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Three Strategies to Improve Engagement between RCM and Your Ethics and Compliance Officer

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Three Strategies to Improve Engagement between RCM and Your Ethics and Compliance Officer

Hospitals can be a gold mine for cybercriminals. Each day, bad actors wage thousands of attacks against organizations that have huge stores of patient data and, oftentimes, limited resources for fighting back. With the growing number of connected devices in hospitals and the rising value of medical records on the black market, these attacks are becoming more frequent and sophisticated. Data breaches not only cost hospitals time, money and operational downtime, but they can also threaten lives.

With the cybersecurity stakes getting higher for hospitals, healthcare leaders must up their game if they want to protect patients and preserve the integrity of their organization. In many hospitals, these responsibilities fall to the compliance officer and IT director. They are the ones with the knowledge and expertise to strengthen data security, manage privacy procedures and keep hackers at bay. Sometimes, departments may work in silos, which can make efforts disjointed and ineffective against organized cyberattacks.

What can your hospital do to improve engagement to ensure teams communicate effectively and work together? Here are three strategies that may help:

1. Encourage more transparency. Communicate regularly about potential or emerging threats. Share intel with other stakeholders involved in securing the hospital’s network, including clinicians, vendors, suppliers and contractors. IT teams must be able to translate the technical details of security and privacy risks into language that can be easily understood, so organizations can efficiently communicate these to other department leaders throughout the hospital. Also, agree on objectives, from boosting security at network access points to improving cybersecurity training for staff, while also setting metrics for evaluating the success of these initiatives.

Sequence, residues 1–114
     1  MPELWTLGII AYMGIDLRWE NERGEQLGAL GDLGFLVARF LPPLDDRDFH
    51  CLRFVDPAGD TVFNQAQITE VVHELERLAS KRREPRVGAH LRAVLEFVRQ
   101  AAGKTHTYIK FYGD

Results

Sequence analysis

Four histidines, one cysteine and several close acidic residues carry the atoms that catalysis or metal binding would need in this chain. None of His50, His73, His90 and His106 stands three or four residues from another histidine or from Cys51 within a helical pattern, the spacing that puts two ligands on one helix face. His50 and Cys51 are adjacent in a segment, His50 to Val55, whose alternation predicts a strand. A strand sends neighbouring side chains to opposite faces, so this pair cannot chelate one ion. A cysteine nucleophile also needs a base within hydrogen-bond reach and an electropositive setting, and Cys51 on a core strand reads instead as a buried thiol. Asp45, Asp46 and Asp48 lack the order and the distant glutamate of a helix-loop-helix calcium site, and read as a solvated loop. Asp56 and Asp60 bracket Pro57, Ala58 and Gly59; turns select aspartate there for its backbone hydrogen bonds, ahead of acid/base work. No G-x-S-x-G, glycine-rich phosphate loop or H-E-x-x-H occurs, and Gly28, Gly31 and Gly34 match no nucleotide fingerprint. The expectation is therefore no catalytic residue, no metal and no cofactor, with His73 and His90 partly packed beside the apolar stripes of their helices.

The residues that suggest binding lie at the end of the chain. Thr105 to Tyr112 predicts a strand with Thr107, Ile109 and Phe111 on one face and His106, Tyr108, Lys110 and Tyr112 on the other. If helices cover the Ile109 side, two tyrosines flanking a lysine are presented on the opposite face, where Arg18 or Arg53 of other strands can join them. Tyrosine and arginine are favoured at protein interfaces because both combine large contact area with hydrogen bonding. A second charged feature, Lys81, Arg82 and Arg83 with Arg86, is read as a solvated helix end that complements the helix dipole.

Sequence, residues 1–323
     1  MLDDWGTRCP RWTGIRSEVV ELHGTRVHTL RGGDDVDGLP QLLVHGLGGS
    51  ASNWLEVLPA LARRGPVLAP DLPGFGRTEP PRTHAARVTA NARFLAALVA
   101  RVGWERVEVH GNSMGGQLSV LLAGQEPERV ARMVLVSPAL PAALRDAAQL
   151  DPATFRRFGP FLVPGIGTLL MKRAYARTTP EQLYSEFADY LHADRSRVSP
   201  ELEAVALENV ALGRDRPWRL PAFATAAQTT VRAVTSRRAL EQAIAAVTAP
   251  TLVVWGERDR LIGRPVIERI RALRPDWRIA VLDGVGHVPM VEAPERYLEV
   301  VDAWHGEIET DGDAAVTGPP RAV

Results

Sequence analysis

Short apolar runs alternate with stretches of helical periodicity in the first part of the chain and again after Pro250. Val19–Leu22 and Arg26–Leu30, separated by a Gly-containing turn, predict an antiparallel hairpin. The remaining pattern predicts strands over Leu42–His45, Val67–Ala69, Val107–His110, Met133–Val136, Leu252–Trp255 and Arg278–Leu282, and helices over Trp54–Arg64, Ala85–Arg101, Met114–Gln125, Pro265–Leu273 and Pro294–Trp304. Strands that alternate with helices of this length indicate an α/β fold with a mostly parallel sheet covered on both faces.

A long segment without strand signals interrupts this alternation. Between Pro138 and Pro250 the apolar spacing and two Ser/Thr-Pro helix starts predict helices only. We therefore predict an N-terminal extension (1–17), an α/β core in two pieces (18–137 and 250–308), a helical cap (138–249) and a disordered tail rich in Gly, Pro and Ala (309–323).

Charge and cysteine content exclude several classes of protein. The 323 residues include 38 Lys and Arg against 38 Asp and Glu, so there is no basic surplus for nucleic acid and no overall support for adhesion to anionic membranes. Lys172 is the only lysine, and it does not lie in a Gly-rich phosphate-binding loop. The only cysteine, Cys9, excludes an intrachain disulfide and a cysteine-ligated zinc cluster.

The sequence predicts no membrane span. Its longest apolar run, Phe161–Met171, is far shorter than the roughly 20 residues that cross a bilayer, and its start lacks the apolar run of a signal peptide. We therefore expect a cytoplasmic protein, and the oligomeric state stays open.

2. Give teams a sense of ownership. Cybersecurity shouldn’t be perceived as the domain of one group over another. It’s the responsibility of everyone and should be treated as such. To forge an effective strategy for defending against cyberattacks, teams must be able to cooperate and coordinate with each other, administration, clinicians and supply chain to create a culture of continuous compliance. This includes performing regular audits to identify security gaps and their severity, scanning for dubious activity that might indicate an intrusion, tracking and securing new access points in hospital networks, updating patches and processes, and implementing effective controls and rapid-response mechanisms to expedite action when a breach occurs.

3. Involve the whole enterprise. With insider attacks responsible for an alarming percentage of data breaches in hospitals, it’s vital to ensure everyone in the organization is on the same page and practicing good habits for protecting patient data and billing information. Team up with representatives throughout the hospital to keep them updated on impending threats, give them tips on how to recognize them and offer best practices for diffusing them. In turn, these cybersecurity champions can spread this awareness to their teams and develop ongoing programs to educate employees on the appropriate use of networks and computers, including how they should react in the event of a cyberattack.